Crossroads Animal Emergency Discusses Preventing Marijuana Poisoning in Pets
Crossroads Animal Emergency experts discuss the dangers for pets in ingesting or inhaling marijuana and how owners can avoid accidental poisoning.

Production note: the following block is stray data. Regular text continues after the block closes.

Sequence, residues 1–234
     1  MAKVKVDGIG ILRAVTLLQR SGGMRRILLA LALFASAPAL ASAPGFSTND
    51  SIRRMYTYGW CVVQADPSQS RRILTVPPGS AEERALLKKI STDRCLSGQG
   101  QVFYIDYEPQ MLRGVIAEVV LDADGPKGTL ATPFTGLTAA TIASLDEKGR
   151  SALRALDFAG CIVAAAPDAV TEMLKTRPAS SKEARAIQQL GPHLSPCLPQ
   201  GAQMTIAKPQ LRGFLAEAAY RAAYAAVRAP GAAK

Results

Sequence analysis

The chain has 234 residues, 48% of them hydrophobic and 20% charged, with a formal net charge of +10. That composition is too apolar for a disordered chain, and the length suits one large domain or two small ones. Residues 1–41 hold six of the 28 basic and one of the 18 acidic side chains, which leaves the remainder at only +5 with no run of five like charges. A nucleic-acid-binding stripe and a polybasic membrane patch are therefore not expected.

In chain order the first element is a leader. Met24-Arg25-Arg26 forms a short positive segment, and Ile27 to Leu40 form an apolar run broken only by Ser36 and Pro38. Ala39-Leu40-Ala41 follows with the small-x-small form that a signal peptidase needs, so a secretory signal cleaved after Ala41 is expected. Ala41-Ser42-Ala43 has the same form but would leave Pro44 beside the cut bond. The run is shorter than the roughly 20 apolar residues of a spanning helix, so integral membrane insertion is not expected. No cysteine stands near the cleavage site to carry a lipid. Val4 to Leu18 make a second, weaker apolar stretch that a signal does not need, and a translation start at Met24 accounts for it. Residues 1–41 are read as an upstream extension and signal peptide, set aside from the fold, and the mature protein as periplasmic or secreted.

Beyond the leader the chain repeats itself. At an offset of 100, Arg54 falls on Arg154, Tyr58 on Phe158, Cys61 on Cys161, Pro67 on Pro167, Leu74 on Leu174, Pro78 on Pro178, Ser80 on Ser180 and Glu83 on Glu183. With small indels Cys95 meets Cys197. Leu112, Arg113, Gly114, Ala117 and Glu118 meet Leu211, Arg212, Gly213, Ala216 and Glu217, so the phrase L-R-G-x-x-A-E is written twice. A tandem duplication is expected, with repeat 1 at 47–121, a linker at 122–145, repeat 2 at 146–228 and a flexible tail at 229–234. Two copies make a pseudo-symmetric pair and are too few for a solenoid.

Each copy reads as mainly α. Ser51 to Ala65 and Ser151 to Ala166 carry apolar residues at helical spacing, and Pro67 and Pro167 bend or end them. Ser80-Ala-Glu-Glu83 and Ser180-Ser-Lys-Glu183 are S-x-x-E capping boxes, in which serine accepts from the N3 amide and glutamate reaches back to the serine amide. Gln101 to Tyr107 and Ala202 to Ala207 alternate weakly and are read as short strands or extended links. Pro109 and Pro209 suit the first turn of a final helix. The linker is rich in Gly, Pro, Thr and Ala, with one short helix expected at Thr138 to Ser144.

<p>Experts from Crossroads Animal Emergency, an emergency veterinarian service in Huntington Beach and Norwalk, recently discussed the dangers surrounding accidental ingestion of marijuana by pets and how owners can prevent poisoning. "Medical marijuana legalization has raised questions about how to keep pets safe from accidentally becoming sick by ingesting cannabis. The plant can be highly toxic and dangerous for both dogs and cats. However, there are steps an owner can take to prevent marijuana poisoning," note the emergency vets at Crossroads Animal Emergency.</p> <p>Every year, pets are brought to emergency veterinarians suffering from marijuana poisoning. To make matters worse, owners are sometimes reluctant to disclose the fact that the pet ingested the drug. "It is always best to focus on caring for the pet and supporting the owner; therefore, we encourage anyone whose pet has been accidentally exposed to marijuana to tell us immediately so that we can administer the proper treatment, no matter what the circumstances of the accident."</p> <p>Accidental marijuana poisoning of pets statistically increases in most states where medical marijuana is legalized. As incidents of marijuana-related toxicity increase, it is very important for pet owners to recognize the signs and symptoms of marijuana exposure and to know what to do for their animals.</p> <p>"The first and most important thing you can do for your pets is to secure all marijuana products, especially food containing marijuana, in pet-proof containers and store it out of reach," note Crossroads Animal Emergency vets. "Additionally, those who smoke marijuana should do so away from pets, as they can become ill from secondhand inhalation of smoke."</p> <p>Animals exposed to marijuana usually show symptoms within 30 to 60 minutes. Victims may stumble while walking, become lethargic or hypersensitive, and lose control of urination. The smaller the animal, the more severe the symptoms may be. Serious poisonings can result in seizures or even death.</p> <p>Emergency veterinarians warn pet owners to watch for vomiting, glassy eyes, dilated pupils, stumbling, agitation and extreme drowsiness as well as trembling or seizures. The experts at Crossroads Animal Hospital advise that owners should not try to induce vomiting, as animals may be too lethargic to control their breathing and could aspirate vomit, leading to choking. Instead, they should take any animal that they suspect has inhaled or ingested marijuana to an emergency vet as soon as possible and disclose the possibility of marijuana toxicity immediately.</p> <p>About Crossroads Animal Emergency:</p> <p>With locations in both Norwalk and Huntington Beach, Crossroads Animal Emergency is a convenient and professional emergency veterinary service that can help dogs, cats and other pets who are sick or injured during non-traditional veterinary office hours. The team at Crossroads works with patients to ensure top-quality care and positive outcomes for every animal.</p> <p>Contact:<br /> Bryan Buescher, Vice President of Operations<br /> Crossroads Animal Emergency<br /> Address: 18364 Beach Blvd, Huntington Beach, CA, 92648, USA<br /> Phone: (714) 794-6900<br /> Email: firstname.lastname@example.org<br /> Website: <strong><a href="http://www.crossroadsanimal911.com">http://www.crossroadsanimal911.com</a></strong></p>